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Phrasal Verbs

When one of my students tells me they want to improve their vocabulary -- really the first thing that I say is to work on phrasal verbs and idioms---. This doesn't always go over so well. When a non native English speaker learns English, they learn it in a clean and pristine environment, possibly by someone who speaks the King's English (a Brit). In the US, we sprinkle phrasal verbs (expressions like iron out, figure out, make out, put up) in liberally with our English. When one of my students asked me to explain a phrasal verb, I did.... but using another phrasal verb, which led to another phrasal verb. Of course I didn't even realize it. My English is so infused with phrasal verbs that often I don't know it. Okay... let's talk about one specific phrasal verb. The phrasal verb "iron out" literally means to remove some unevenness, such as a wrinkle or crease, from cloth by ironing the creases out. The phrasal verb means to remove some obstacle or difficulty by solving the problem or compromising. If someone asked me what "iron out" meant I might possibly say -- to figure a problem out, (figure out is a phrasal verb that means to solve something), or I might say we'll "work on it" which is yet another phrasal verb meaning that we'll solve it (the problem).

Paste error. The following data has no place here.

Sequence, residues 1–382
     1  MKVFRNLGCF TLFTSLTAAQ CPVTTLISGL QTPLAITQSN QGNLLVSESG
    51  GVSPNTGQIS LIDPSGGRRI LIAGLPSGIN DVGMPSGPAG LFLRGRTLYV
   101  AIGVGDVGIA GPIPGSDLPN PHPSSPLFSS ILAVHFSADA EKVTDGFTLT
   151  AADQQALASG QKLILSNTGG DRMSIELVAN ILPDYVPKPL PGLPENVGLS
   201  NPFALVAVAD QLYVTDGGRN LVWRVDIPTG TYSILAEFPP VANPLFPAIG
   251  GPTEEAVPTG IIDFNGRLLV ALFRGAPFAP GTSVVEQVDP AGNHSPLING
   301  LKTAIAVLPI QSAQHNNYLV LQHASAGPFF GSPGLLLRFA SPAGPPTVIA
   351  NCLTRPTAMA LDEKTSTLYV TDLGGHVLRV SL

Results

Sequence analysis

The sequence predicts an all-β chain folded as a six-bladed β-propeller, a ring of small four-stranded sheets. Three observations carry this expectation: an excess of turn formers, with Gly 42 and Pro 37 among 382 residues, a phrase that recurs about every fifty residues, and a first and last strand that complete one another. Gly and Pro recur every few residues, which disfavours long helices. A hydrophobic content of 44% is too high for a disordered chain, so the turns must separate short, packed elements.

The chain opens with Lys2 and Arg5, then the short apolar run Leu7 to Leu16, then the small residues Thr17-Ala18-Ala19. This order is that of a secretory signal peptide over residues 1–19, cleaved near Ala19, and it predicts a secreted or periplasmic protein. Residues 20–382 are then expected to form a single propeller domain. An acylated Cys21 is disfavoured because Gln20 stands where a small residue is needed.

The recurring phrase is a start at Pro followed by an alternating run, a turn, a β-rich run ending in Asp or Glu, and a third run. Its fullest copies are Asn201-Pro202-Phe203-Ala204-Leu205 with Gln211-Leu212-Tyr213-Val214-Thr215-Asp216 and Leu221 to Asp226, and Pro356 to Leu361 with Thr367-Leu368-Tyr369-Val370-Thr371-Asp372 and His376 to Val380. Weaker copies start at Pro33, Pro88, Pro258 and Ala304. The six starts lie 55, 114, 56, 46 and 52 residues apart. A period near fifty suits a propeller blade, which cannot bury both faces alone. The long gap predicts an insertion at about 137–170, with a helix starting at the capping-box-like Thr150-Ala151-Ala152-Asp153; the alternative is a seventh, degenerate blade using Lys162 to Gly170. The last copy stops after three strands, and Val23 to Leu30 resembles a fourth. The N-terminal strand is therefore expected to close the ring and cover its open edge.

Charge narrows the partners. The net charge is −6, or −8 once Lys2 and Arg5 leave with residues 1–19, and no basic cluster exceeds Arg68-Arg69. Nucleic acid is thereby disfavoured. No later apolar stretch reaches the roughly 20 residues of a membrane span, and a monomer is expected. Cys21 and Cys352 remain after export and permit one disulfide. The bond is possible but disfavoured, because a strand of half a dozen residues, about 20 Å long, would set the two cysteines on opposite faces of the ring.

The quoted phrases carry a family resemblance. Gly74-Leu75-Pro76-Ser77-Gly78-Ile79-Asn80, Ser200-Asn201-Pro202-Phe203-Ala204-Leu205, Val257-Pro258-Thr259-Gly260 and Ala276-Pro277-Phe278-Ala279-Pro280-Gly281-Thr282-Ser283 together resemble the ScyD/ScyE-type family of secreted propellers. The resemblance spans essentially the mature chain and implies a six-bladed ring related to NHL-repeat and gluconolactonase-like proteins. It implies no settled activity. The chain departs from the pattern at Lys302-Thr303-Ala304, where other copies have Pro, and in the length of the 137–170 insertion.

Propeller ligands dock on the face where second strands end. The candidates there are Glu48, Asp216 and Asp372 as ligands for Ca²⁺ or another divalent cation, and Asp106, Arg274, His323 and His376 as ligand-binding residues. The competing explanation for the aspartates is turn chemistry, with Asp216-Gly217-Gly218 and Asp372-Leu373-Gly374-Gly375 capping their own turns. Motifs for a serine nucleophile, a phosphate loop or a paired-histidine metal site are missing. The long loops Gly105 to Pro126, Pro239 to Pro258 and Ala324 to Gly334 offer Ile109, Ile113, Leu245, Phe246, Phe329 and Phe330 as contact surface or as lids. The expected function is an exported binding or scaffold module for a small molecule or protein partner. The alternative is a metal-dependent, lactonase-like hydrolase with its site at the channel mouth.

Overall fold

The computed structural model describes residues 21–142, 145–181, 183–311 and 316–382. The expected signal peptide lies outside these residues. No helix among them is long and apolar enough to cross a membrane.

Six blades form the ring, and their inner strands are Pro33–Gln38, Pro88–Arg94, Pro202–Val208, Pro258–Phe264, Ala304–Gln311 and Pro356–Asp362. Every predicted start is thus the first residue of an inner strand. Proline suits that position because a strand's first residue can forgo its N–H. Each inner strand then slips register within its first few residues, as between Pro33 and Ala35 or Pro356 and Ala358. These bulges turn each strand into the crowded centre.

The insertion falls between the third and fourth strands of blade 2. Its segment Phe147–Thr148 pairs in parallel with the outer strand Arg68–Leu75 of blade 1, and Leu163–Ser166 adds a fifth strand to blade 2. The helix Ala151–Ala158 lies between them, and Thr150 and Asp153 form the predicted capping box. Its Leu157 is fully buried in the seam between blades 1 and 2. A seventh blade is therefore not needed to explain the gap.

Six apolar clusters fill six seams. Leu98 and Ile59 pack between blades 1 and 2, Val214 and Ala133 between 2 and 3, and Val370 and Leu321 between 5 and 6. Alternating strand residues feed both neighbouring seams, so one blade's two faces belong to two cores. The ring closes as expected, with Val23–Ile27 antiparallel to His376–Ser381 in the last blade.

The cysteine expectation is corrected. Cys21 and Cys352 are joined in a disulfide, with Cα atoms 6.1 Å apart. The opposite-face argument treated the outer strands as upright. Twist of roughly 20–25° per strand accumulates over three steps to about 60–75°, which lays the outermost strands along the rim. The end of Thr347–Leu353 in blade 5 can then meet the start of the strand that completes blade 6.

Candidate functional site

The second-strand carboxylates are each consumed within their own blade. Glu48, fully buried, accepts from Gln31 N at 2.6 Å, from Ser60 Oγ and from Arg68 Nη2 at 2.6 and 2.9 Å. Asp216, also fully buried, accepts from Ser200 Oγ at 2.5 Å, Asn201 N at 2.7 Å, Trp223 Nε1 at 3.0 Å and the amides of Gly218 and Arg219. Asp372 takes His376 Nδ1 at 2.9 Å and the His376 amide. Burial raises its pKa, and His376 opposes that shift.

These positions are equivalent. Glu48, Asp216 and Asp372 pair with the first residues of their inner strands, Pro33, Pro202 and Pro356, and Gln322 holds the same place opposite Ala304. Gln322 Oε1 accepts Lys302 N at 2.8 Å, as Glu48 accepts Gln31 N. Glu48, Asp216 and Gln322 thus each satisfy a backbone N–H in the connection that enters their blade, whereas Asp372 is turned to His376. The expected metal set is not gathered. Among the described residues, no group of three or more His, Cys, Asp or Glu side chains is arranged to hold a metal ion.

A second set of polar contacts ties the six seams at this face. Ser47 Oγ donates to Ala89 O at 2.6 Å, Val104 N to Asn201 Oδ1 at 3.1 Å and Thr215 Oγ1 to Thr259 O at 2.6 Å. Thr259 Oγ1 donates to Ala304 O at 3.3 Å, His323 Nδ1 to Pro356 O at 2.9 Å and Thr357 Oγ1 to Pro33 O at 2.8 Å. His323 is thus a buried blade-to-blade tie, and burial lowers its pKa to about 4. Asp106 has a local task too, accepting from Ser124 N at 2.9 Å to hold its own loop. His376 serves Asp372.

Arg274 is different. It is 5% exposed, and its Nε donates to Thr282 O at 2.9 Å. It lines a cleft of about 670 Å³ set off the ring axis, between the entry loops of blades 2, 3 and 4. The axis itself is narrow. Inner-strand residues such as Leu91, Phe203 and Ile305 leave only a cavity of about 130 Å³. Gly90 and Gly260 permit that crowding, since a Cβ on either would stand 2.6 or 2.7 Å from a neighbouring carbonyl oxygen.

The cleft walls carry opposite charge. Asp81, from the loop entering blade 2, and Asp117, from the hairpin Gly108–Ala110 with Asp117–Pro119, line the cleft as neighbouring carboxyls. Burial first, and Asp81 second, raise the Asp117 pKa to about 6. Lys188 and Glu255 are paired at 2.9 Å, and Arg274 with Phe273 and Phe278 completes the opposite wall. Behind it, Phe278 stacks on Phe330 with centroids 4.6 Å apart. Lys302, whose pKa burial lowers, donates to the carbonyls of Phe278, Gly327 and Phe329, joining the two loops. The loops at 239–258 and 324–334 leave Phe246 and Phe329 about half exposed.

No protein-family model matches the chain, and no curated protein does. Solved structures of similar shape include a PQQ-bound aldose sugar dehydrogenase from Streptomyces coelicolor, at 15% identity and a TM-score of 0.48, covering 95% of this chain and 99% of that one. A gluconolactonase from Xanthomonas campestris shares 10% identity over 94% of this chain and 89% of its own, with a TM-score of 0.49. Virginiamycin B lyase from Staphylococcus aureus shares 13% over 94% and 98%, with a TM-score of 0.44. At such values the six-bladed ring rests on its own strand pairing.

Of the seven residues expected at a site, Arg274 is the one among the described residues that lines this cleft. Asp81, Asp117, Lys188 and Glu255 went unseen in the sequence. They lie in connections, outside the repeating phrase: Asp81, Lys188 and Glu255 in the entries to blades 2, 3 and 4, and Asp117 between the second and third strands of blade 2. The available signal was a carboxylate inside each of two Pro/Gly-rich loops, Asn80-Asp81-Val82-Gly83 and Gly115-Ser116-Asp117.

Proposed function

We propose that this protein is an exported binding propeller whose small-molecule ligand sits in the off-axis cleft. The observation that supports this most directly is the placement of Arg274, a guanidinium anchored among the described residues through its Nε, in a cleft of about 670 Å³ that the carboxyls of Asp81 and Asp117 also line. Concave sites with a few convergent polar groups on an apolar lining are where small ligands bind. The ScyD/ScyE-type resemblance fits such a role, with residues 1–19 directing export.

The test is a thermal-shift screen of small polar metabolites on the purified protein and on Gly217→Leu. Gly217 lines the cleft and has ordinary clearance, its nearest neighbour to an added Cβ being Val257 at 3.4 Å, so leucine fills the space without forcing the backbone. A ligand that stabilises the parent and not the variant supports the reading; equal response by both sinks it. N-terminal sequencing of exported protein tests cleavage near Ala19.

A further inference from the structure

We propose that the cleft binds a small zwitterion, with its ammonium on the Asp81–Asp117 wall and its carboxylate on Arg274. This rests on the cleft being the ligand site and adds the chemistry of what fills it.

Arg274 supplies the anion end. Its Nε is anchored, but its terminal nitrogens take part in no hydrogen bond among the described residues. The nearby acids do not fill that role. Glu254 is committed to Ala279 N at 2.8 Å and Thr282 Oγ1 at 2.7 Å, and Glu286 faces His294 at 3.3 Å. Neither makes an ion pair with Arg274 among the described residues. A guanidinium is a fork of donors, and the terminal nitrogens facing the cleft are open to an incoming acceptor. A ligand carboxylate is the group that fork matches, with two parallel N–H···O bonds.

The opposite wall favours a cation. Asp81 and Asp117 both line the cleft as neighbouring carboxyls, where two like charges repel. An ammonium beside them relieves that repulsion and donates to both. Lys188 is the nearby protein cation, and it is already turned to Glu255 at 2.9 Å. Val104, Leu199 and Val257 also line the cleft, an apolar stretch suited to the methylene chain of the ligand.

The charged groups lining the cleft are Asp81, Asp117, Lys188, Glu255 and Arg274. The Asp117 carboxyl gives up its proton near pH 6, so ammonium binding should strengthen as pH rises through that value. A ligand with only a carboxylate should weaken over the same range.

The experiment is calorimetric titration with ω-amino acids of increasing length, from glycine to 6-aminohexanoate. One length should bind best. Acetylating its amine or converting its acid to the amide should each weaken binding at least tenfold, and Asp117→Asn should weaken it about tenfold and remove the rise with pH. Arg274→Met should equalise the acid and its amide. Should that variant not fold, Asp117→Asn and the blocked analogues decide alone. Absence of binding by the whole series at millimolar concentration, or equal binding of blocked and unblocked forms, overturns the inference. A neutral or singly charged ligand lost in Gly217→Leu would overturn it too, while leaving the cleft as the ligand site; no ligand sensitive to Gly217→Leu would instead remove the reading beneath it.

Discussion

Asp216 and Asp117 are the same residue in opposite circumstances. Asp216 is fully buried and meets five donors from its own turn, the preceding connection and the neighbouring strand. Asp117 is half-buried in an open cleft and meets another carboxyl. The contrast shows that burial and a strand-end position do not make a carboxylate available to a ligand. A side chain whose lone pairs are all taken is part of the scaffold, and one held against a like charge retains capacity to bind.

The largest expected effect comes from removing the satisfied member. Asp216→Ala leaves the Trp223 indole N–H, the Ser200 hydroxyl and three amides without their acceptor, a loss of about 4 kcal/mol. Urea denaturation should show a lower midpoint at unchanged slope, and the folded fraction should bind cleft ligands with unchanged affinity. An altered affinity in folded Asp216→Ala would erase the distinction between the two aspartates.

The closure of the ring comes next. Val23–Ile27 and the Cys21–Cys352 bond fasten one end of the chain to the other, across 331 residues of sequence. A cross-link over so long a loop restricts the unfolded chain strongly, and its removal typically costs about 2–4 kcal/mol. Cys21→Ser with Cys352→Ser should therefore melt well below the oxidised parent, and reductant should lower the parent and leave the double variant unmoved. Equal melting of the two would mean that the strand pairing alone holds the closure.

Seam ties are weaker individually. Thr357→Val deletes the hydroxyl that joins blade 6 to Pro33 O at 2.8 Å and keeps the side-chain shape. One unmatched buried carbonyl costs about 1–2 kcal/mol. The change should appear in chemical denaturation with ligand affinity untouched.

So, to really master English - get acquainted with phrasal verbs. Americans use these liberally; the literal meaning of the phrasal verb does not help you to figure it out (ok... see I used another one!)

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Theresa S.

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